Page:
I just discovered that Ted Jennings’ book Plato or Paul?: The Origins of Western Homophobia is available for preorder on Amazon. I have been deeply involved with this project of Ted’s since my first semester at CTS, and I am convinced that it represents a radical assault on the notion that homophobia is somehow inherent to Christian identity. Instead, Ted argues, the scapegoating of same-sex eroticism is rooted in the Plato’s Laws, which retrospectively reads as a chillingly accurate summary of the rhetorical strategies of homophobia.
This book completes a kind of trilogy on homophobia, consisting also of The Man Jesus Loved: Homoerotic Narratives in the New Testament and Jacob’s Wound: Homoerotic Narrative in the Literature of Ancient Israel. The strategy here is clear, aggressive, and absolutely necessary: he absolutely abandons the defensive stance of “explaining away” the supposedly “obvious” homophobic elements in the Bible that “everyone knows” about and instead presents us with a scriptural account that is deeply homophilic, even to the point of presenting us with a possible male lover for Christ himself. Once this ground is cleared, the question then becomes how a Scriptural tradition that is so overwhelmingly affirming of same-sex eroticism came to be read as the legitimation of homophobia. This final book is an attempt to answer that question.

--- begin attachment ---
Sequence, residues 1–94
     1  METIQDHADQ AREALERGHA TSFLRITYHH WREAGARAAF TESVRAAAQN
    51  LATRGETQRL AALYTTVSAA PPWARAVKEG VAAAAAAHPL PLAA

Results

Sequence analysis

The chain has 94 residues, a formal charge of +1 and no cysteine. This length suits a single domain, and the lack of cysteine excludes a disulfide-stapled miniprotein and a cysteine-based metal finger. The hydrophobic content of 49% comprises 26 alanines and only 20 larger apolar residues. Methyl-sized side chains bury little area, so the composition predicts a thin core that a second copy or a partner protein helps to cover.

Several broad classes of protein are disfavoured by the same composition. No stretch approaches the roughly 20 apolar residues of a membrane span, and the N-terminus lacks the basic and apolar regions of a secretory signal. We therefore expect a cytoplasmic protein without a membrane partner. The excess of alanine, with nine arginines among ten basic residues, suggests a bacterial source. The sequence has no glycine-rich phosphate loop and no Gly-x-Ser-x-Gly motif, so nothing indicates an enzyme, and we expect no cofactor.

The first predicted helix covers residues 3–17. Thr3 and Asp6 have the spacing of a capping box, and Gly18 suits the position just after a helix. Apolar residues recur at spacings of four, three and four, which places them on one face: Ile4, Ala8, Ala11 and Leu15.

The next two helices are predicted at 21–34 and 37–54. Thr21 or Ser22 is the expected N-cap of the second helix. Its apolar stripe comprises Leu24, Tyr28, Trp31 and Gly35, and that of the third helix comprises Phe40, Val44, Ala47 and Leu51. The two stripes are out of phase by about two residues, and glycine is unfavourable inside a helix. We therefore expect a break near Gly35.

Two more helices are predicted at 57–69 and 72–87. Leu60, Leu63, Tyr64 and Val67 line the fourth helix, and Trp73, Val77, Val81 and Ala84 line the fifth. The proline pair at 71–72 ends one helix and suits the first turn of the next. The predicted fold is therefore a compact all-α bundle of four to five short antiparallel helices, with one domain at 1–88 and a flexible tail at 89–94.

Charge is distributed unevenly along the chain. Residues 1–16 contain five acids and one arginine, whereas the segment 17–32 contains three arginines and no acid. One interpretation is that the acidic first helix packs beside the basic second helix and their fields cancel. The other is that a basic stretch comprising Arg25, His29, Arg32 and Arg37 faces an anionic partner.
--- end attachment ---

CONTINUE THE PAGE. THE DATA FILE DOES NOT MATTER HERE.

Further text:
I have said that I am thoroughly convinced by his overall argument, but I’m not naive — I know that even many religious people who are opposed to the scapegoating of same-sex eroticism will find Ted’s project absurd on its face. The homophobic framework through which even homosexuals and their allies often read Scripture (not just the proof text passages, but the whole thing, assuming that it’s simply impossible that the Bible could ever affirm same-sex eroticism) is extremely tenacious and difficult to displace. That will be even more the case for conservatives who are not in the least uncomfortable with affirming a homophobic agenda.
Who is the audience, then? Certainly it is first of all religious homosexuals themselves, whose struggles — leading in many cases even to suicide — inspired Ted to write in the first place. If they can be convinced that the religious tradition with which they wish to remain identified is not foundationally opposed to their erotic practices, that in itself will significantly relieve suffering. But the aim seems to me to be wider: Ted wishes to supply advocates for full inclusion of practicioners of non-normative sexualities in religious life with the means to “go on the offensive,” with a way of saying that, more than simply violating a vague and easily dismissed principle of “love,” the homophobic agenda has deeply warped the reading of the very Bible it claims to champion.
In short, it provides the materials for a kind of “Gay Reformation,” a return to the sources of Christianity that undermines the interpretative, moral, and liturgical tradition, not out of a desire to “water down” Christianity or make it more palatable to “worldly” values, but out of fidelity to Christianity. The stakes here are high, arguably even higher than the simple inclusion of certain excluded individuals: what is more fundamentally at stake is the development of a new Christianity that would no longer be afraid of the erotic. The success of such an attempt is far from guaranteed, but Ted’s work here has cleared out a space where we can say with real integrity and seriousness: this is what we want Christianity to be, and we are right to want it.